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Paul M. Wright and Suzanne Burton

Underserved youth are at risk for numerous threats to their physical and psychological well-being. To navigate the challenges they face, they need a variety of positive life skills. This study systematically explored the implementation and short-term outcomes of a responsibility-based physical activity program that was integrated into an intact high school physical education class. Qualitative methods, drawing on multiple data sources, were used to evaluate a 20-lesson teaching personal and social responsibility (TPSR) program. Participants were 23 African American students in an urban high school. Five themes characterized the program: (a) establishing a relevant curriculum, (b) navigating barriers, (c) practicing life skills, (d) seeing the potential for transfer, and (e) creating a valued program. Findings extend the empirical literature related to TPSR and, more generally, physical activity programs designed to promote life skills. Implications for practitioners are discussed.

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Weidong Li, Paul M. Wright, Paul Bernard Rukavina and Molly Pickering

The purpose of the current study was to test the validity and reliability of a two-factor model of the Personal and Social Responsibility Questionnaire (PSRQ) and examine the relationships between perceptions of personal and social responsibility and intrinsic motivation in physical education. Participants were 253 middle school students who completed the questionnaires. The results from a confirmatory factor analysis and internal consistency suggest the two-factor PSRQ is valid and reliable for assessing students’ perceptions of personal and social responsibility in physical education. The correlational analysis suggests that participants with higher levels of personal and social responsibility were likely to enjoy physical education more. An important implication for teaching practice is that, to encourage all individuals to be intrinsically motivated to participate in physical education, physical education teachers need to empower students with choices and voices, focus them on effort and self-direction in physical education, and create a respectful and caring learning environment.

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Barrie Gordon, Jenn M. Jacobs and Paul M. Wright

This study examined a long-term afterschool leadership program situated in a Midwestern university town in the US. The activity-based program for boys considered to be disengaged with school and at risk for dropping out of education, was based on the Teaching Personal and Social Responsibility (TPSR) model. The program curriculum was strongly aligned with the social and emotional learning (SEL) theoretical framework. The study sought to identify the learning(s) that occurred and the impact of participation for participants. The key findings were that 1) the pedagogical approach and strategies of TPSR when implemented with a high level of fidelity align strongly with the SEL framework; 2) the structure and design of this TPSR based program was an important ingredient in the school’s overall approach to supporting SEL among students, and 3) a number of SEL outcomes were identified as a result of participation in this program.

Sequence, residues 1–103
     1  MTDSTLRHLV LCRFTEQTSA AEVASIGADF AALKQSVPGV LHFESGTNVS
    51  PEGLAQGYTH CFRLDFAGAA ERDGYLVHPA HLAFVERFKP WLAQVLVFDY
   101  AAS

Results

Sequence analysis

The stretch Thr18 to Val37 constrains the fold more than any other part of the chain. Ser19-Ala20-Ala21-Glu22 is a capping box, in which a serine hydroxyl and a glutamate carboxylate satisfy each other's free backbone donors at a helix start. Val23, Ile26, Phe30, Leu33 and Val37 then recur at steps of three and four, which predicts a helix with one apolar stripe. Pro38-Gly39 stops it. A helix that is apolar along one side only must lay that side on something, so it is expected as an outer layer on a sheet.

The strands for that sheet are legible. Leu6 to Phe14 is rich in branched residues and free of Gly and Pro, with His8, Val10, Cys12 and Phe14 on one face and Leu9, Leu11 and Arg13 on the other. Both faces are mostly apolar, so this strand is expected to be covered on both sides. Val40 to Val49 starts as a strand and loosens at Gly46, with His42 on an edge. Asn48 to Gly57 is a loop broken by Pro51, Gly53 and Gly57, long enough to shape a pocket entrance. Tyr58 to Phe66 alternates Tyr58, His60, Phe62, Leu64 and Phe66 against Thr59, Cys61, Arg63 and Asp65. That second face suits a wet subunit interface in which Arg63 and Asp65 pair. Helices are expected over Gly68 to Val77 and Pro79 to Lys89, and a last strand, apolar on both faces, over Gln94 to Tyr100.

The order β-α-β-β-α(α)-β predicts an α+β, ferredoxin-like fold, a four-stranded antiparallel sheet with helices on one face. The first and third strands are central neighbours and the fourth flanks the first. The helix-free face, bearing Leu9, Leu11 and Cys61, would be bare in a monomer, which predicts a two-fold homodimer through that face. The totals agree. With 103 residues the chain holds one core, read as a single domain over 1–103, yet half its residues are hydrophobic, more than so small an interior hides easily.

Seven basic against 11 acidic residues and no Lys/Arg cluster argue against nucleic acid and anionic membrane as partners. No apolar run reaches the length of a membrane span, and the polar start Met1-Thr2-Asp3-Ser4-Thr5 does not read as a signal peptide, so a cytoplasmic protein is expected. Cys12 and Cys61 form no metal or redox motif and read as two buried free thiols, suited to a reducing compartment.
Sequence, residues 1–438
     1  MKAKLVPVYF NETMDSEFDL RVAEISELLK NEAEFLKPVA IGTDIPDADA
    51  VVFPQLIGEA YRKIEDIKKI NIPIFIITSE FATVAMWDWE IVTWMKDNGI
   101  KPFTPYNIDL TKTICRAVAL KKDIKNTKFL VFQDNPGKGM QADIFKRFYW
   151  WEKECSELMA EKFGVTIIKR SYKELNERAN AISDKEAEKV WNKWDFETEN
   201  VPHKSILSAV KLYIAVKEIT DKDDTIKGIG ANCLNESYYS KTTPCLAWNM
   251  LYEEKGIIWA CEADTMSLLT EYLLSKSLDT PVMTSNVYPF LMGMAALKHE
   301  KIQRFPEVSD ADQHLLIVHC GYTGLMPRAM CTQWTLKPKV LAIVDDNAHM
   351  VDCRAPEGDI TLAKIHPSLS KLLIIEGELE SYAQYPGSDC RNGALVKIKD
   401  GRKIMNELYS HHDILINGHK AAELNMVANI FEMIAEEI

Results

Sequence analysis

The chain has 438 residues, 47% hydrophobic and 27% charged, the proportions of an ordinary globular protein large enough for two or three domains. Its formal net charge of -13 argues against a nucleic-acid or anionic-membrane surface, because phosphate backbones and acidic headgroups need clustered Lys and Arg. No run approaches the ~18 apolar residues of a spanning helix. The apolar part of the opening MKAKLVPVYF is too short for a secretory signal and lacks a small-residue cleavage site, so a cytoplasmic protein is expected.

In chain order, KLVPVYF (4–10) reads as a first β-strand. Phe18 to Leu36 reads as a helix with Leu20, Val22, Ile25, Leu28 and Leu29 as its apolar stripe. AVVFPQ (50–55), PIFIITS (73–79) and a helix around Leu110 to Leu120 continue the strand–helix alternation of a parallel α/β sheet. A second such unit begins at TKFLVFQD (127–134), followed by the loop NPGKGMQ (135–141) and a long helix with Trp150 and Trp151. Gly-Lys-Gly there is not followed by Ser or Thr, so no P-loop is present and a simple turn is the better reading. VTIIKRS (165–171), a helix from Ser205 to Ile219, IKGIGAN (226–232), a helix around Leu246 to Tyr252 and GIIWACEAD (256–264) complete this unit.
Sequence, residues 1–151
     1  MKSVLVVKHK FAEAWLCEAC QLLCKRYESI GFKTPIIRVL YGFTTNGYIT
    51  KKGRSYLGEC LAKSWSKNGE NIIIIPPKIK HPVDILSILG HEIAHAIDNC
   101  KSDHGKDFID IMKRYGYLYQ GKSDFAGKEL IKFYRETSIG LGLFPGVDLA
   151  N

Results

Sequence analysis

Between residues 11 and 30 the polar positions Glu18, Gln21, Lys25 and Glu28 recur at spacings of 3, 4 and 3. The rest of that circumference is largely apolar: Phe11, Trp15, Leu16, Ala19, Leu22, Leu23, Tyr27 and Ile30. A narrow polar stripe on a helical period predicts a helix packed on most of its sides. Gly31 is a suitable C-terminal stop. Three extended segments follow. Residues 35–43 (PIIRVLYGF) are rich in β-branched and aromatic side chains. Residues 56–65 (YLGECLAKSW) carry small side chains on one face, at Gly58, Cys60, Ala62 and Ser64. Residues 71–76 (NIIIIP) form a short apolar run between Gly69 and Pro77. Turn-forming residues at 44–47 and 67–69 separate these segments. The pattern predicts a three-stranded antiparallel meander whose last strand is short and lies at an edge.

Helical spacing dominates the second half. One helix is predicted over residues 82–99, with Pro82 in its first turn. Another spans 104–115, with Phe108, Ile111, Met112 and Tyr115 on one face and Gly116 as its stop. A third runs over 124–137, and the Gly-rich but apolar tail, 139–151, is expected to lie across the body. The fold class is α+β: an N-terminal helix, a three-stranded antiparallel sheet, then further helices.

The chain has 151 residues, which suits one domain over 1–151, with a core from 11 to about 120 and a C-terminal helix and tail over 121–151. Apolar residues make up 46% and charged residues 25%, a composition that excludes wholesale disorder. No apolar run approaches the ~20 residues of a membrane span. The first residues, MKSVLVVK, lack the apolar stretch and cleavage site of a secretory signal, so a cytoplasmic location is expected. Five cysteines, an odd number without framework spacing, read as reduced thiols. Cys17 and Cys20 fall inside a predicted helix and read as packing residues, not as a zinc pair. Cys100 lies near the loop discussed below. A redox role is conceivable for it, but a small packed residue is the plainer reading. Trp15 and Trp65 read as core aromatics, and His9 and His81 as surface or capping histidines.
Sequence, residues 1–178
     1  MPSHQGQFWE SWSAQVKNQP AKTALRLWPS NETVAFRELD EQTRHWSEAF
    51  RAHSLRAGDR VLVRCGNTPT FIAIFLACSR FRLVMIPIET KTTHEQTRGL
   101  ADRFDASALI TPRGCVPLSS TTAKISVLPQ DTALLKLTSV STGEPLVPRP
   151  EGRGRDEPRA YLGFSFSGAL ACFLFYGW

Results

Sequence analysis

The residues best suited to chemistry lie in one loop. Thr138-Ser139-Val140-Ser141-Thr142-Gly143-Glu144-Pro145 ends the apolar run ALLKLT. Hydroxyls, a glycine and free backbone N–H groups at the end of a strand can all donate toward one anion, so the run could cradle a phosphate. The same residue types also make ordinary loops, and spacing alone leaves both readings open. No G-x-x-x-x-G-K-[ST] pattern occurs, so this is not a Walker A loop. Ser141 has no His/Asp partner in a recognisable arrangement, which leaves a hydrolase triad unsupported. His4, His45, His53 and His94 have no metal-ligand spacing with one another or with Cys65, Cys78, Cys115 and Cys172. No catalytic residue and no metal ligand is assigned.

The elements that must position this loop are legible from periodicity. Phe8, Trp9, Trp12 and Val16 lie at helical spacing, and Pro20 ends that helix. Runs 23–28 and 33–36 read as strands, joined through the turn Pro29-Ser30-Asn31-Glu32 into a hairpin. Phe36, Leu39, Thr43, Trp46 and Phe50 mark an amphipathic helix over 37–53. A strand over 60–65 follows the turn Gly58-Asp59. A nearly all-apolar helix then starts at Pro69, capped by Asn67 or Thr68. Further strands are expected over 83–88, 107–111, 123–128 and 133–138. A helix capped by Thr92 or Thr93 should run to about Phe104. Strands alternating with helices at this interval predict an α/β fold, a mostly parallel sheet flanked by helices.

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Shirley Gray, Paul M. Wright, Richard Sievwright and Stuart Robertson

Purpose: The purpose this investigation was to explore the learning experiences of two teachers from different secondary schools in Scotland as they engaged in their respective action research projects to learn to apply teaching personal and social responsibility in physical education. Method: Both teachers worked within a small community of practice and used qualitative methods to gather data to inform their inquiry. The teachers shared their findings with their coauthors and engaged in further, more focused analyses to explore and understand their learning experiences and the learning experiences of their pupils. Results: Both teachers found that their learning in context was much slower and more challenging than first expected. Over time, both teachers learned to set “new” learning objectives, applied “new” teaching strategies, talked more to their pupils, and reflected with others to evaluate their learning. Discussion/Conclusion: When teachers are committed to their own learning and when the subject of their learning aligns with their core values, professional needs, and the needs of their pupils, then pedagogical change is possible.

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Paul M. Wright, Lauriece L. Zittel, Tawanda Gipson and Crystal Williams